The Cottage Smallholder

stumbling self sufficiency in a small space

How to eat your own new potatoes on Christmas Day

new potatoesAs a woman, I move in a strange world. Filled with ladders, vans, dust, men and the occasional dog that observes me closely as I pass by.

There are very few women at the builder’s merchants where I buy my paint. In fact I have never seen one buying anything alone. A woman is always accompanied by a man.

So my progression in the builder’s merchants from Oddity to UBOK (Unusual But OK) has been a bit of a rocky one. Finally, after five years, I know and like the guys behind the desk. We chat when I need to have paint mixed. Sometimes about paint (yawn) but often about other things.

“Do you know how to get your own new potatoes for Christmas?” Roger asked as he swung the hefty can into the paint mixer and focussed unblinkingly on my face.

As I shook my head I imagined the answer would involve an oil drum and loads of earth and patience.


“When you dig up your new potatoes, divide them into two piles. Wash and cook one pile. This is the taste that you will be enjoying at Christmas. Put the other pile of uncooked, unwashed new potatoes into an old biscuit tin. Fill it with sand (silver sand. The sand that you’d use for a children’s sandpit. Rather than sharp sand, it’s builder’s sand and far too salty). Bury the tin fairly deep, three feet (100 cm). Dig it up on Christmas Eve and you will have perfect new potatoes for Christmas Day. They will taste as fresh as on the day that you buried them.”

I haven’t tested out this tip but I’m going to give it a go.

As I was imagining the steaming new potatoes in a dish on our Christmas table, Roger changed up a gear whilst the dot matrix printer flexed its muscles to produce my invoice.
“I used to grow loads of veg but having children I had to think lawn. So it’s mainly lawn and flowerbeds now. This year, I rebelled and I’ve just grown carrots in a big tub. They’re terrific.” His hand hovered above the counter to indicate the height of the massive tops.
“Have you heard about the rhubarb trick to avert the problem of carrot fly?”
I hadn’t.

Secret method to be shared soon.

As I walked away from the desk he called me back.
“You know when you dig up your potatoes you get those teeny ones?”
A well known builder nodded from the queue.
“Well, be gentle, don’t dislodge them from the plant and just replant the plant plus the tiny potatoes. Water them well and you will have a second crop in a few weeks time. Easy if you know how.”

Roger, you are a star. Thank you.

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  1. Darjeeling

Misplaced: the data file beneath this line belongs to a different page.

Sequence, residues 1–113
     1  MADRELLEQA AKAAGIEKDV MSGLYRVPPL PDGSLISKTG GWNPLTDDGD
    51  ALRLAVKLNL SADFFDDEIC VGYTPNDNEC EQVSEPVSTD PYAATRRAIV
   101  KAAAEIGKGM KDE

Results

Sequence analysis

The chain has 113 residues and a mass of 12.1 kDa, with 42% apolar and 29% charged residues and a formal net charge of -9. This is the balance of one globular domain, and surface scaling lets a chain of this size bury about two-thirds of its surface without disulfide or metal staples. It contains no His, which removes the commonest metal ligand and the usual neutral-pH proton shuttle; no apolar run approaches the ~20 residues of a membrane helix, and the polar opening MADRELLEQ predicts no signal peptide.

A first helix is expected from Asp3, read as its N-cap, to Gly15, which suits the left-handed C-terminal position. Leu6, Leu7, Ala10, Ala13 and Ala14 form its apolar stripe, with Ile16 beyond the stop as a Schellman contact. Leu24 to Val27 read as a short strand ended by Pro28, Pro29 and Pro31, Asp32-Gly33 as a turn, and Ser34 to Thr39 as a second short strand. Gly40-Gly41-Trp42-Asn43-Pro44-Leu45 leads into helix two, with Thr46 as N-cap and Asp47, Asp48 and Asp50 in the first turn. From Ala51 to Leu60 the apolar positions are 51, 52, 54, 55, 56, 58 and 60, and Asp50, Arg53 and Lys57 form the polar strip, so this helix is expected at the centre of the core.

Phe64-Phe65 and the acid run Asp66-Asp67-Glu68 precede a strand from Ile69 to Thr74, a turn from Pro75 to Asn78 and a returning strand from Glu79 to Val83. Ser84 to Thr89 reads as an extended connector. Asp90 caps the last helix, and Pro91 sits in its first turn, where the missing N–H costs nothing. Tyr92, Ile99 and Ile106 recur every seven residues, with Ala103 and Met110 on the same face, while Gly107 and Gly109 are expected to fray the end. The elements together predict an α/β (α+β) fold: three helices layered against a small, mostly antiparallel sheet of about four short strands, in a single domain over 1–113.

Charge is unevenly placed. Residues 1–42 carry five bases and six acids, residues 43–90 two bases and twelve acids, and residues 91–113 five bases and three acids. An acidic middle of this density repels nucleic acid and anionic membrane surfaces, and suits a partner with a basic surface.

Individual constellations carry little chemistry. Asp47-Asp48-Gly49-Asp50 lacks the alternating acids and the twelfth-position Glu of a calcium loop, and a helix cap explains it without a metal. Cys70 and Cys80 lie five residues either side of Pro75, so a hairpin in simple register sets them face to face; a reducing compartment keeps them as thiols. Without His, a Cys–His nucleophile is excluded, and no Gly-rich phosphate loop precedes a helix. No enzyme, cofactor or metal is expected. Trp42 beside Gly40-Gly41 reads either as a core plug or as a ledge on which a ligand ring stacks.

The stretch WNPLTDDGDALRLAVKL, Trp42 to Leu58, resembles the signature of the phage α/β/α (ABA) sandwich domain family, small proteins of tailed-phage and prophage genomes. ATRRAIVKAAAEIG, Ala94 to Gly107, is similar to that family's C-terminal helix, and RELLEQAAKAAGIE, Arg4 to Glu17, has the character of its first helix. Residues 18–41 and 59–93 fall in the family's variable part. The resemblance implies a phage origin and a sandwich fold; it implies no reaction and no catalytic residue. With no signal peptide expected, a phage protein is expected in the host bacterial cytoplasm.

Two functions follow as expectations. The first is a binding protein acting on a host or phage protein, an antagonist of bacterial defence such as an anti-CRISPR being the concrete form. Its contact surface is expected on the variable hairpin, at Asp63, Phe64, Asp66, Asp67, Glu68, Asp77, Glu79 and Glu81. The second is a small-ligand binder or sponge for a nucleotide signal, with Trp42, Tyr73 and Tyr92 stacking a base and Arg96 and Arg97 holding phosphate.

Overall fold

My Dad told me that his family used to keep new potatoes in this way, specifically for their Christmas dinner, when he was a boy. That was in the 1930’s. We’ve gone full circle again.

  2. Hi Fiona,

    I also missed most of the Jamie series when it was on, but my dear in-laws bought me both the book and the DVD for Christmas – They must think I’m into cooking or something…!

    Raspberry jellies look lovely, btw. have you seen Nigel Slater’s love song to them by any chance?

  3. Fiona Nevile

    Hello Clare

    Thanks for that. We don’t watch telly much (no time) so miss out on loads of stuff. I would have enjoyed the ‘Jamie at Home’ series, I think.

    Rhubarb trick is coming soon!

  4. Hiya,

    Just so you know, the “clamp” method (layered in damp sand) works for most roots, Jamie Oliver did it with Beetroot in his “Jamie at Home” series and they were perfect months later. I’ve heard of it with parsnips as well, so no reason why it shouldn’t work with carrots too….

    I look forward to the “rhubarb trick” fiona!

  5. Fiona Nevile

    Hello Amanda

    I do hope that your pots are OK. The weekend wind has flattened a lot of the herbacious borders here but the potatoes are still upright!

  6. Amanda at Little Foodies

    We’re growing potatoes in old tyres this year – 2 lots are four tyres high. We’ve had high winds over night and they’re looking a bit flat. Hubs just went out and staked them – fingers crossed they’ll be okay.

    Great tips!

  7. Fiona Nevile

    Hi Pat

    It sounds like your barrel is going great guns!

    Hello Pamela

    Like you I am a sponge for information. Thatâ„¢s how I can write this blog!

    Hi Belinda

    The car tyre method sound good to me. Perhaps I should investigate as earthing up can be tricky. Thanks for the tip. Much appreciated.

  8. Belinda

    I grow my potatoes in stacks of old car tyres. This means it is easy for me to harvest them as I can dismantle it.

    And its an easy way to “earth up” the plants as well. Just keep on adding tyres & soil until the plant flowers.

  9. Pamela

    I never cease to be amazed by the most unlikely pieces of information and tips that people are willing to share in the least likely situations and as I have an endless capacity to store “useless” information acquired from myriad sources I regularly pass it on too.

  10. Thanks for the tips Roger and Fiona. I have a potato barrel that I grow mine in. At the moment it is overflowing with the stalks and leaves, hopefully there will be some potatoes.

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